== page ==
Prof­its ga­lore: how to in­vest in whisky

The Daily Telegraph - Your Money - - MONEY -

For most, whisky has just one ben­e­fit, ad­mit­tedly a big one: it’s en­joy­able to drink. But in­creas­ing num­bers are dis­cov­er­ing that in­vest­ing in the “wa­ter of life” can also be prof­itable – and fun, too. Whisky in­vest­ment is boom­ing. The num­ber of bot­tles sold at auc­tion in Bri­tain has risen from 20,211 in 2013 to 49,719 in 2017 and is on track to reach 100,000 this year, ac­cord­ing to Rare Whisky 101, a spe­cial­ist in the area. The value of bot­tles sold at auc­tion was £3.5m in 2013 but is ex­pected to be £36m this year. Prices av­er­aged £328 in the first half of 2018.

Much of the rise in whisky trad­ing has been fu­elled by over­seas buy­ers. Charles Ash­ton of Ch­effins, an auc­tion­eer, said: “Among the big­gest buy­ing groups for aged sin­gle-malt whiskies are the Chi­nese, Ja­pa­nese and In­dian mar­kets, which are, of course, push­ing up val­ues.”

Any­one con­sid­er­ing whisky in­vest­ment should al­ready have a well-bal­anced port­fo­lio and be happy with the risk in­volved. The usual route is sim­ply to buy bot­tles and hope to sell them for a profit.

It is also pos­si­ble to in­vest in en­tire casks of the spirit or buy into whisky funds, but this is more spe­cial­ist.

The trick, of course, is to buy the right bot­tles.

Andy Simp­son of Rare Whisky 101 said “bril­liant liq­uid from iconic dis­til­leries in lim­ited re­leases” was the key to whisky in­vest­ing.

Within this, sin­gle-malt Scotch makes up the vast ma­jor­ity of the whisky in­vest­ment mar­ket.

While coun­tries such as Ire­land, Ja­pan and the US make a good deal of whiskey (strictly, only Scotch whisky drops the “e”), Mr Simp­son said in­vest­ment in these drinks had not yet taken off. Blended whiskies also tend to be un­pop­u­lar with in­vestors.

“Sin­gle-malt Scotch whisky has that ca­chet and many na­tions just view it as the best,” he said.

Even within the realm of sin­gle­malt Scotch whisky, cer­tain dis­til­leries’ out­puts in­crease in price more than oth­ers.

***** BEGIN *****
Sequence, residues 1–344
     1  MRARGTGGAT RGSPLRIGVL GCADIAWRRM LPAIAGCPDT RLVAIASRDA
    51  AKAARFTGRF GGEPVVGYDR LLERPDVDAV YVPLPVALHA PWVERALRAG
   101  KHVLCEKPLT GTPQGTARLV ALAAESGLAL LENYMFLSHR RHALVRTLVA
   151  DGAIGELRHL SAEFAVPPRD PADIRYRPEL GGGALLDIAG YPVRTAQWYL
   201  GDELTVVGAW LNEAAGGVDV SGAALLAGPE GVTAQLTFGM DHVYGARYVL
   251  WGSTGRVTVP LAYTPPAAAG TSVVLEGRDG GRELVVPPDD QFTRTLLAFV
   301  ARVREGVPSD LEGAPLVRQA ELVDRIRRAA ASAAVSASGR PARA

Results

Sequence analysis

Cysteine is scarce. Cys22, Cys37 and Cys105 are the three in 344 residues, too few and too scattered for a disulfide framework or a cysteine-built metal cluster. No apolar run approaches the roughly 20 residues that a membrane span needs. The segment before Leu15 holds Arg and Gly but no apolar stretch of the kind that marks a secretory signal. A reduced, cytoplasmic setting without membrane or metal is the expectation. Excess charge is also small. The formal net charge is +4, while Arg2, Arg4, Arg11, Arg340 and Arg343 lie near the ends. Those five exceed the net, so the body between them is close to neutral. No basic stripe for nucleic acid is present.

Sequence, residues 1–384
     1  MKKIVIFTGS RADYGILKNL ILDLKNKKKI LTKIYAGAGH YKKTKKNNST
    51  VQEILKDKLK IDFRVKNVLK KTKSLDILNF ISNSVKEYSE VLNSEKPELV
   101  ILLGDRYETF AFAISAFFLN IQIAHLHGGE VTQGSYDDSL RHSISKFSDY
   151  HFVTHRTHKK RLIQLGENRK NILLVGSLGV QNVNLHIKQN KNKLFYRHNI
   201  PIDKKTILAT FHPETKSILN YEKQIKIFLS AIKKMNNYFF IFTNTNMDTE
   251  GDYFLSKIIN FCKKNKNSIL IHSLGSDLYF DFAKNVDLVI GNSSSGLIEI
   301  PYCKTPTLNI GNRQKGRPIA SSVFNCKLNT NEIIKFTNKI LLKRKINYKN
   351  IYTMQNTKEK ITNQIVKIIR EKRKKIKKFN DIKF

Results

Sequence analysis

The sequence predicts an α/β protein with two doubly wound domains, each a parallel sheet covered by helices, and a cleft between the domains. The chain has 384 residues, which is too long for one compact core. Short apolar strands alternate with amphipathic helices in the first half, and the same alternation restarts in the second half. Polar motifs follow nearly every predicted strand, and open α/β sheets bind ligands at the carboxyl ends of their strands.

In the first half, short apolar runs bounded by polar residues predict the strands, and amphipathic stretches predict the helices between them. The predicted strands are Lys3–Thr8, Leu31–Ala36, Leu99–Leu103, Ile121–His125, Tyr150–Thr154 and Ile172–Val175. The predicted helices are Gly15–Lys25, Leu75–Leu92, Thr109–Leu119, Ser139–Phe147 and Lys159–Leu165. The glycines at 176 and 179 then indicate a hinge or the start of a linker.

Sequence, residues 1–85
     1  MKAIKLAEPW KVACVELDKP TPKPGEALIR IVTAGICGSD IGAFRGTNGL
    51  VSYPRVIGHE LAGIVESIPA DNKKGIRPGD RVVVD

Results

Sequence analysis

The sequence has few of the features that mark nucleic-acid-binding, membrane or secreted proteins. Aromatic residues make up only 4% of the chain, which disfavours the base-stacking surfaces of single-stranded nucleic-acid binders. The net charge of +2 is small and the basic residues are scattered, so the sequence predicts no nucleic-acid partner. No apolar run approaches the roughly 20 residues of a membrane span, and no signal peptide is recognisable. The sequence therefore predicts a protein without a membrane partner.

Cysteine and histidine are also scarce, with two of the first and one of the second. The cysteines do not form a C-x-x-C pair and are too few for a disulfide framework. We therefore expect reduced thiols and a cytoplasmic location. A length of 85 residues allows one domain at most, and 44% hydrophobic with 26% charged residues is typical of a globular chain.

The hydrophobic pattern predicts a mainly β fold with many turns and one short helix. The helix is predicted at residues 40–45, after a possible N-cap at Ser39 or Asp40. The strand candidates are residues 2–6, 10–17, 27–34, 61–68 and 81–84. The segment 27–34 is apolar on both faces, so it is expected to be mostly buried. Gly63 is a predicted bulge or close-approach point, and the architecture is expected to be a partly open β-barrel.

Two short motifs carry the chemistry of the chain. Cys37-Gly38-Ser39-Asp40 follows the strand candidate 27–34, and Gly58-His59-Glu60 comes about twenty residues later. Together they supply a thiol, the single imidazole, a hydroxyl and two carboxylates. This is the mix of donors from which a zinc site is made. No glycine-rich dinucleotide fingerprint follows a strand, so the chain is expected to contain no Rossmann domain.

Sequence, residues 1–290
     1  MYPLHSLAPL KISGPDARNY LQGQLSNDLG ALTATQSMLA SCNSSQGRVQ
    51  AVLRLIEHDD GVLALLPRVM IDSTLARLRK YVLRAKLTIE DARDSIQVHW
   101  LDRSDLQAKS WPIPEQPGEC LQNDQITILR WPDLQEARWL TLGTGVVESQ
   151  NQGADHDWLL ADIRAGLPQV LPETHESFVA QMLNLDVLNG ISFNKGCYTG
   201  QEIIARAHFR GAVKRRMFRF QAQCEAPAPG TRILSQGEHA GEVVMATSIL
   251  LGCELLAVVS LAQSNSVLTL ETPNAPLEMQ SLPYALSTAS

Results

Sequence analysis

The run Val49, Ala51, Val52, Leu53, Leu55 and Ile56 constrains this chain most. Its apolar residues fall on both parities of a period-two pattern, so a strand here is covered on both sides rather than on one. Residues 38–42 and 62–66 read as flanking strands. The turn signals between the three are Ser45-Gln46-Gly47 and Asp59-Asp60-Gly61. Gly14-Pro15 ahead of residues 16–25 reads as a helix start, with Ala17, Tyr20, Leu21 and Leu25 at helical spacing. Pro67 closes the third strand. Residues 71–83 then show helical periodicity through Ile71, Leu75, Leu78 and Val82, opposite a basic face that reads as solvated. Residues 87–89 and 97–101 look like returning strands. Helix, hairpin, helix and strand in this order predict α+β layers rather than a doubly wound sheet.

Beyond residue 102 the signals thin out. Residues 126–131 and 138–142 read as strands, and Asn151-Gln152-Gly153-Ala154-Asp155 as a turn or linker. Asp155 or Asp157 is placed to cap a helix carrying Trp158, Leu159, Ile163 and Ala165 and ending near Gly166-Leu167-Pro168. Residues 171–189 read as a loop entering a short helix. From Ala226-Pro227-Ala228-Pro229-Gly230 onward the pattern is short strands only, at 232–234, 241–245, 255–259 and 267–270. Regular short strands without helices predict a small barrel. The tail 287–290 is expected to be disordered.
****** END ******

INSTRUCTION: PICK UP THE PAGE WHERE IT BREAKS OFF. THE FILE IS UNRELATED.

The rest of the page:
At the front of the pack is The Ma­callan, which alone pro­duces 12pc of the whisky bought and sold at auc­tion. Mr Ash­ton said: “The Ma­callan is cur­rently the name most sought after, with the Pri­vate Eye brand, which was launched in 1996 and had a re­tail price of £36, now sell­ing for around £2,000 to £2,500.”

Such is the de­mand that the dis­tillery last month set the world record for the most ex­pen­sive bot­tle ever sold at auc­tion – £848,750, for a 60-year-old bot­tle of The Ma­callan Va­le­rio Adami.

Aside from The Ma­callan, es­tab­lished Scot­tish dis­til­leries such as Ard­beg, High­land Park and Glen­dronach are also promis­ing bets for would-be in­vestors.

But it’s not all about buy­ing into big­name brands. Whisky in­vestors also favour cer­tain flavours over oth­ers, and this trans­lates into the prices paid for bot­tles.

Cur­rently, whiskies aged in sherry bar­rels, and which have picked up some of that flavour and colour, sell very well.

Mr Simp­son said: “It tends to be the very heav­ily sher­ried, rich, fruity Christ­mas-cake taste that peo­ple go for. That is a dis­tinc­tive flavour pro­file, but very in de­mand.”

In­vestors also tend to buy with their eyes and pay more for darker drinks than lighter ones.

To source bot­tles that are likely to in­crease in value, buy­ers can ei­ther keep a close eye on auc­tions and

As whisky auc­tions boom, Sam Barker iden­ti­fies five pos­si­ble vin­tages for novice in­vestors

Tele­graph top five – the Scotch whiskies to in­vest in De­mand for Ma­callan is high – as are prices – but the brand is a solid in­vest­ment.

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